Earlier this year I put together a tutorial for WatchKit development. Check it out and my youtube channel here:
Have you ever wondered how to communicate from your WatchKit app to its containing iOS app?
openParentApplication is a method on WKInterfaceController. It allows you to pass in an object that contains the information you want to pass along to the WatchKit app’s containing iOS app.
Here is a simple example:
Here I am sending a dictionary with a key of ‘buttonClicked’ and value of type String that represents which button in my UI was clicked. If you look at the method signature on openParentApplication, you’ll see that it accepts an NSObject of AnyObject:
That’s simple enough. What about receiving this message on the containing iOS app end?
Add handleWatchKitExtensionRequest to your application’s AppDelegate.
handleWatchKitExtensionRequest allows you to receive the object you had sent from your WatchKit app. In this example, since I had sent a dictionary from the WatchKit app, I get a dictionary on the iOS containing app’s side. I then look inside the dictionary for the existence of the key I had set on the WatchKit side, checking for nil. If the key exists in the dictionary, I print it out.
What about that reply parameter?
openParentApplication allows you to pass a closure via the reply parameter. This allows you to send a message from the containing iOS app to the WatchKit app. I will modify my example to demonstrate this. Here, instead of passing in nil for reply, I pass in a closure:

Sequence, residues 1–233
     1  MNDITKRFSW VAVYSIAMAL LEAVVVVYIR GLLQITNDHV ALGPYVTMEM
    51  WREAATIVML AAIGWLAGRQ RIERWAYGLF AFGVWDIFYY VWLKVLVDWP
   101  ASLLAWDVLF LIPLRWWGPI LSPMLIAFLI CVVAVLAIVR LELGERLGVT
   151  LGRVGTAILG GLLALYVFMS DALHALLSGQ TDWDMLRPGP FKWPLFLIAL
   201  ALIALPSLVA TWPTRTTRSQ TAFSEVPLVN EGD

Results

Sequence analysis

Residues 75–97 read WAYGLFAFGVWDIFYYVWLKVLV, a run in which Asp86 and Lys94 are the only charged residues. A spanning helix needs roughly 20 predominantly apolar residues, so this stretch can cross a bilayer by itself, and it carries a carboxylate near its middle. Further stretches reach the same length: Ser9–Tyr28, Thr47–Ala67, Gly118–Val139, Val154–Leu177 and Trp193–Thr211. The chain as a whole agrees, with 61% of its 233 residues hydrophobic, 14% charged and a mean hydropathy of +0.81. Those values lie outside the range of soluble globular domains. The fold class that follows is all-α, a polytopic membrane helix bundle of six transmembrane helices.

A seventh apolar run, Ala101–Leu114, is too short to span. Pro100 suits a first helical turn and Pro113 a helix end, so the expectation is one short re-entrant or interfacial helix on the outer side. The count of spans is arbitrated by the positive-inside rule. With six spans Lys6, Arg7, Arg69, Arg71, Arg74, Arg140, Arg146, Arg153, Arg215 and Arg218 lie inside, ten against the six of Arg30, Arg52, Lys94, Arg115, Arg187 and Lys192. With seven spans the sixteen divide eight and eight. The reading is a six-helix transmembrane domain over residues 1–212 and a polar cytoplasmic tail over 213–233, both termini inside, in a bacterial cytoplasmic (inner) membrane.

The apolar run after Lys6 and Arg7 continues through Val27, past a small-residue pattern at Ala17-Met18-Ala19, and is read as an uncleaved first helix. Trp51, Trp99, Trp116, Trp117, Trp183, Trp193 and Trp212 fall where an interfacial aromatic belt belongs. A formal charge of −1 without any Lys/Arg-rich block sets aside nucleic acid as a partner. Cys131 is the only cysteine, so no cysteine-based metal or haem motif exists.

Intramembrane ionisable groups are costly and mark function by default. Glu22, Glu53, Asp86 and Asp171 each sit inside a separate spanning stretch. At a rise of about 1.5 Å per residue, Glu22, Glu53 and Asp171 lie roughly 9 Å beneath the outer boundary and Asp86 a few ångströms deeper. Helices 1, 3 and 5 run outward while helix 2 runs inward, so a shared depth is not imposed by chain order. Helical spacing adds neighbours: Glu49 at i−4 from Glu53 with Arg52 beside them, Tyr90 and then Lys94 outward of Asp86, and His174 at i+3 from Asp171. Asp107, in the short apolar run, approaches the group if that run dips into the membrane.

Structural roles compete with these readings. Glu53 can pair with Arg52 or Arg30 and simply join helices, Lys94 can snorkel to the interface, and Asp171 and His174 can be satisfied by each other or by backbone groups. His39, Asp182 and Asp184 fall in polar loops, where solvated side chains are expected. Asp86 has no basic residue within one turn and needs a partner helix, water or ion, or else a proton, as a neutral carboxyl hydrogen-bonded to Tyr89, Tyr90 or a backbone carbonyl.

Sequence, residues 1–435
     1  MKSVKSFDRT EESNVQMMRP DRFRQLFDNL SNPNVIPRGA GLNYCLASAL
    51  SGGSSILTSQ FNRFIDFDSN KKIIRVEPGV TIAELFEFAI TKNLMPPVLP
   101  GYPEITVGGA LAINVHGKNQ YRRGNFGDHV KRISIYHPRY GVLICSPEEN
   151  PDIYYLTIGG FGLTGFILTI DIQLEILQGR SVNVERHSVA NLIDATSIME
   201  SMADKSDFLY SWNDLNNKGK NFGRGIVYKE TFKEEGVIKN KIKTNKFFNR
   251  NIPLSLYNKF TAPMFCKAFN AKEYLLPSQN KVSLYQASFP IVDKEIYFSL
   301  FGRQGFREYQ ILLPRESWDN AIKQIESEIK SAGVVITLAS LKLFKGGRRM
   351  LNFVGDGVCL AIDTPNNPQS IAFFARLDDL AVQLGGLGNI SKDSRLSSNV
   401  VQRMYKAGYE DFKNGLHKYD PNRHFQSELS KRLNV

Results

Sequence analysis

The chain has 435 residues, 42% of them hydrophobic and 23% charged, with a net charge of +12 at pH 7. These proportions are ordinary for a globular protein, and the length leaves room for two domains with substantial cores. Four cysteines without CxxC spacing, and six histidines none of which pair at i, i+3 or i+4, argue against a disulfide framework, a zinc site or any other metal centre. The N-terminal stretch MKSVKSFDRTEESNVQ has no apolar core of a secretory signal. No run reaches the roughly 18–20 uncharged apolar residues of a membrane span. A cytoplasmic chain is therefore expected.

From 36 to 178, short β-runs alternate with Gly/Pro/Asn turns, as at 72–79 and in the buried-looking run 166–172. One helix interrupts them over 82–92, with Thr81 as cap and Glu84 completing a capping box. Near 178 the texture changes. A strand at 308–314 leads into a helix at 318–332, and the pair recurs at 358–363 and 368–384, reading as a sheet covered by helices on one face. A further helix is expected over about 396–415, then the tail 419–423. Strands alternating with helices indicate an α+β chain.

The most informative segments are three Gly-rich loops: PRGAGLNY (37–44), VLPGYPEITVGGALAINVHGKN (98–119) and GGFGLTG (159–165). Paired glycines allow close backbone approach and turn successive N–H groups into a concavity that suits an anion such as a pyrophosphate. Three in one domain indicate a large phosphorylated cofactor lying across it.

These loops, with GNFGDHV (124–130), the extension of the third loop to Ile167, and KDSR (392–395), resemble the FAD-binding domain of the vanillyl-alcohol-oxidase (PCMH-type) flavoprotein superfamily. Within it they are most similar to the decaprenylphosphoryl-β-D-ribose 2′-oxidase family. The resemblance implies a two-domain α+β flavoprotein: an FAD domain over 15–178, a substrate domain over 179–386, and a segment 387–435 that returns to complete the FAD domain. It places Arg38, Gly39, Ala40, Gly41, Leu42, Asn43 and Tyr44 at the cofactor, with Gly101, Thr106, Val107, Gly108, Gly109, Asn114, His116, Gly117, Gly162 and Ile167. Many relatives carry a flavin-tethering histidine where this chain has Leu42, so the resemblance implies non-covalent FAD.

The closure for the reply parameter expects a dictionary and an NSError to be passed to it. If I run this code, what happens? The closure is executed, but we get an error:
Fortunately, the error is very helpful: ‘The UIApplicationDelegate in the iPhone App never called reply()’. So let me fix that. For simplicity’s sake, let’s say that I wanted the iOS app to communicate back to the WatchKit app a count of the number of times a particular button had been clicked. I’ll simply invoke the reply closure, passing along a dictionary of the desired information:
Back on the WatchKit side, in the else block, the dictionary that we received from the containing iOS app gets printed out:
When I run the WatchKit app, I now get the dictionary printed out to the debugger:
Something you should be aware of is that the containing iOS app launches in the background. This is fine except that the normal app lifecycle is triggered and executes. For example, your app’s viewWillAppear method will be called. The way I got around that in my app is by adding the following to the containing iOS app’s AppDelegate didFinishLaunchingWithOptions method:
openParentApplication and handleWatchKitExtensionRequest are a powerful combination. Use them when you want to send information between your WatchKit extension and its containing iOS app. Be aware that the iOS app’s lifecycle is triggered and executes, even with the app running in the background.
Do you have any feedback? What has your experience been with these two methods? Let me know in the comments section below.